Front-end with TypeScript Tutorial – Step 4: Importing Libraries

Posted by Bogdán Bikics on November 9, 2016

After successfully writing our first working TypeScript application in part 2 (step 1-3), in this post we are going to have a look at how to use JS libraries (in this case Knockout.js) in TypeScript with Typings. We are also going to use Require.js to take care of dependencies.

Step 4: Typings

As I mentioned before, Typings is a definition file manager which helps you to retrieve and organize definition files. It’s much easier than just downloading them manually.

[Note: Although Typescript 2 has built-in typings, at the time of writing it is not a good choice.  It does not contain many definition files and the files are not the best of their kind. I am sure it will improve in the near future.]

Let’s install it right away!

npm install --global typings

Now let’s search for Knockout in the Typings registry:

typings search knockout

This will list a lot of things*. Referring to source dt is kind of a default, but feel free to check the other alternatives. Source dt is the DefinatelyTyped repository with TypeScript type definitions on GitHub.

Install it from DefinatelyTyped (dt~):

typings install dt~knockout --save --global

Let’s see what happened! A folder named “typings” has been created. All the definition files (*.d.ts) are placed here.

Additionally, a “typings.json” has been created in the root folder. It contains all the definitions as dependencies. Typings works similarly to NPM. As in the case of “node_modules”, it is a good idea to include the “typings” folder in your git/hg ignore file. Whenever somebody clones your project, she can simply run typings install, and all the definition files will be downloaded.

Now the time has arrived to let Knockout pay a friendly visit to your TypeScript code. First of all we need to tweak the TypeScript compiler a little bit. Create a file named “tsconfig.json” in the root folder and copy the following code into it:

{
    "compilerOptions": {
        "module": "amd"    
    },
    "files": [
        "./typings/index.d.ts",
        "./typescript/main.ts",
        "./typescript/require-config.ts"
    ]
}

Here we tell the compiler what files to compile on the files section. Please note that there is a “require-config.ts” file in the ‘files’ list, which we will create later.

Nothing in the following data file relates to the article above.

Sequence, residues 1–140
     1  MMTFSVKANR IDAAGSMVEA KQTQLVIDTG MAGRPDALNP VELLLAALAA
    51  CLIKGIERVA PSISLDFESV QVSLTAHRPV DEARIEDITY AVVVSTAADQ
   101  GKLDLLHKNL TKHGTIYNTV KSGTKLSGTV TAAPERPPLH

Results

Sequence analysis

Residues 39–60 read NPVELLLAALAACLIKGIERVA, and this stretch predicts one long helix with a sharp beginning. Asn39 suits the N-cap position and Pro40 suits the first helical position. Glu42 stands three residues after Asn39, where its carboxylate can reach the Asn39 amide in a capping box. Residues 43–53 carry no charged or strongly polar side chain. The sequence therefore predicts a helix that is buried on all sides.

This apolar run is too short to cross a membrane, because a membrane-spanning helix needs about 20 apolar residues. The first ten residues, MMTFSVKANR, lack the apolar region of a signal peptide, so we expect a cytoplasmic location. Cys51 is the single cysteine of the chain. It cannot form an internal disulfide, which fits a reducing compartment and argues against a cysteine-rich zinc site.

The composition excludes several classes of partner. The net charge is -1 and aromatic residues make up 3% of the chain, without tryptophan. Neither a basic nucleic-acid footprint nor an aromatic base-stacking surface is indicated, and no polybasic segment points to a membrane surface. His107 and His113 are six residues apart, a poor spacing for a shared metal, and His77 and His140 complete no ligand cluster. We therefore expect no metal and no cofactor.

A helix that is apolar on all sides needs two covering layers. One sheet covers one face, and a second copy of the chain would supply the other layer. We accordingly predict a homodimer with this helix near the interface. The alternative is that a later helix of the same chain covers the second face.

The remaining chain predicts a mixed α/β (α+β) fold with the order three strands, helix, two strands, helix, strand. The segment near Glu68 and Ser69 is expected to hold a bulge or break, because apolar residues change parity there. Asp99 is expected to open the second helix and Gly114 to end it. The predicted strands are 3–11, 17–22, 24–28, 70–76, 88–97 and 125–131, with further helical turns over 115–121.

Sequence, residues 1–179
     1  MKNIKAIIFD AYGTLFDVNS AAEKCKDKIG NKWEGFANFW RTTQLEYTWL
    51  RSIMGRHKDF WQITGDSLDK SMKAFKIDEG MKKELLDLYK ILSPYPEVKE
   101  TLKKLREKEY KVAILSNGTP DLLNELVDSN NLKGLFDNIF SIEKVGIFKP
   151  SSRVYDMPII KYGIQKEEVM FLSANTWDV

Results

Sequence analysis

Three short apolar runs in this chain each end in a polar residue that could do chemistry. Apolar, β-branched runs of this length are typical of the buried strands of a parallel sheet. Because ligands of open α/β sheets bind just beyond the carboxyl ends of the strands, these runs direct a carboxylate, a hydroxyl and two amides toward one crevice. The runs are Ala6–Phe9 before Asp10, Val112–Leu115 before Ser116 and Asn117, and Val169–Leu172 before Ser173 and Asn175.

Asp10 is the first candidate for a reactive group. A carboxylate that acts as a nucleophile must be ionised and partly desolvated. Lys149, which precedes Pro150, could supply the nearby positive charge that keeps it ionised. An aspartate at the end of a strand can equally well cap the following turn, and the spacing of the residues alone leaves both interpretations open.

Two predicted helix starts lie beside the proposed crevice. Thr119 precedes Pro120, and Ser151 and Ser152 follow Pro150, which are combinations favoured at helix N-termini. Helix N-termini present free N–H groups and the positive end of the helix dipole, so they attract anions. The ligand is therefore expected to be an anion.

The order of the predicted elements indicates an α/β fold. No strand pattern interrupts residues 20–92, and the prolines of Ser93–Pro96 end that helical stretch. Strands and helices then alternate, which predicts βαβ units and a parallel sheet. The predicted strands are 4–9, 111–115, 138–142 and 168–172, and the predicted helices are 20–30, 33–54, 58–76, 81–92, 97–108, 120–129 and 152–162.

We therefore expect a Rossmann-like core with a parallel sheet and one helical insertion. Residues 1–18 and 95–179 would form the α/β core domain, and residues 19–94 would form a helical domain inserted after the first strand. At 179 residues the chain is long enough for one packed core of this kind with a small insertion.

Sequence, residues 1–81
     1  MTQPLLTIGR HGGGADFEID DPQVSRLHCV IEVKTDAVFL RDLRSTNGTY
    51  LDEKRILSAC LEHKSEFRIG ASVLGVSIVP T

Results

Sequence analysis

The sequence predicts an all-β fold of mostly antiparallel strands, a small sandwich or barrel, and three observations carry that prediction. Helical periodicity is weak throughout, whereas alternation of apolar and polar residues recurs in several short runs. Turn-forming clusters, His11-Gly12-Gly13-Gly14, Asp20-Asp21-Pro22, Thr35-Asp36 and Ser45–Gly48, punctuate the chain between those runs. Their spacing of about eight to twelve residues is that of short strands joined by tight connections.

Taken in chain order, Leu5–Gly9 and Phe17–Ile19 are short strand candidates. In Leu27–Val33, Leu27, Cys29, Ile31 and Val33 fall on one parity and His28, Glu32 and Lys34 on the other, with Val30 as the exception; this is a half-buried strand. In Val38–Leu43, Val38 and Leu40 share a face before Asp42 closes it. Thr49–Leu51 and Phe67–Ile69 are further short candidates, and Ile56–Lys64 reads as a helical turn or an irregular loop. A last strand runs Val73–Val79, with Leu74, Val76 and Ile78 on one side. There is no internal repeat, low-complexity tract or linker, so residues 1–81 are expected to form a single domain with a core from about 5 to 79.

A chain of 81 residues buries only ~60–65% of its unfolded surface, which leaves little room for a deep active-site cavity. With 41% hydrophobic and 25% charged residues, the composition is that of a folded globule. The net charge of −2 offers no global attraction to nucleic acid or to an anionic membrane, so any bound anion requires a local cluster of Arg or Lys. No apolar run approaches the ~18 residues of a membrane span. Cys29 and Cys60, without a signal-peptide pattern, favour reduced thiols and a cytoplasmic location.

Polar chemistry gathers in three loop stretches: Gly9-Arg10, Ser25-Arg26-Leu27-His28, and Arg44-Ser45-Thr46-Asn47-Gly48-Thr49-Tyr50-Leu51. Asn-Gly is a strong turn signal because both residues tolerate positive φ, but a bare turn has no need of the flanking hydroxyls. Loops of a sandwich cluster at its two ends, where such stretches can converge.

In the module section we specify that the modules should be handled by “amd” (Asynchronous Module Definition – like RequireJS).

Next up, we need RequireJS:

npm install --save requirejs

Let’s first create the “require-config.ts” file in the “typescript” folder, and then modify “main.ts” and “index.html”:

require-config.ts

declare var require: any;
require.config({
    paths: {
        'knockout': '../node_modules/knockout/build/output/knockout-latest'
    }
});
require(['../typescript/main']); // run main.ts from here.

main.ts

import * as ko from 'knockout';

class ViewModel {
    words = ko.observableArray(['Hello', 'World']); 
}
ko.applyBindings(new ViewModel());

Now we can compile the TypeScript files:

tsc

index.html

<!doctype html>
<html>
<head>
</head>
<body>
    <ul data-bind="foreach: words">
        <li><p data-bind="text: $data"></p></li>
    </ul>
    <script src="../node_modules/requirejs/require.js"></script>
    <script src="../typescript/require-config.js"></script>
</body>
</html>

Open “index.html” in a browser, and you will find that it works like a charm!

As you can see, Knockout is handled smoothly by the tsc compiler. But what if the definition file is too old, and some new features only came out in the latest Knockout release?

Let’s say you want the following:

ko.newGreatStuff();

This will give you a compilation error. Luckily TypeScript doesn’t restrict you to a specific definition file. Here is what you can do:

(ko as any).newGreatStuff();

Here, the Knockout object is being cast to an any type. Tsc won’t ask any questions but will just compile it.

Coming up next

You might have the feeling that handling dependencies is quite a pain already. RequireJS has served its purpose. So in the next step (Step 5: Using Browserify) we will say goodbye to it. Enter Browserify!


Yes, there can be differences in definition files. It can also happen (unfortunately) that something is not defined at all on a given file (a missing method for instance). There is a workaround for this problem, which we will address later.

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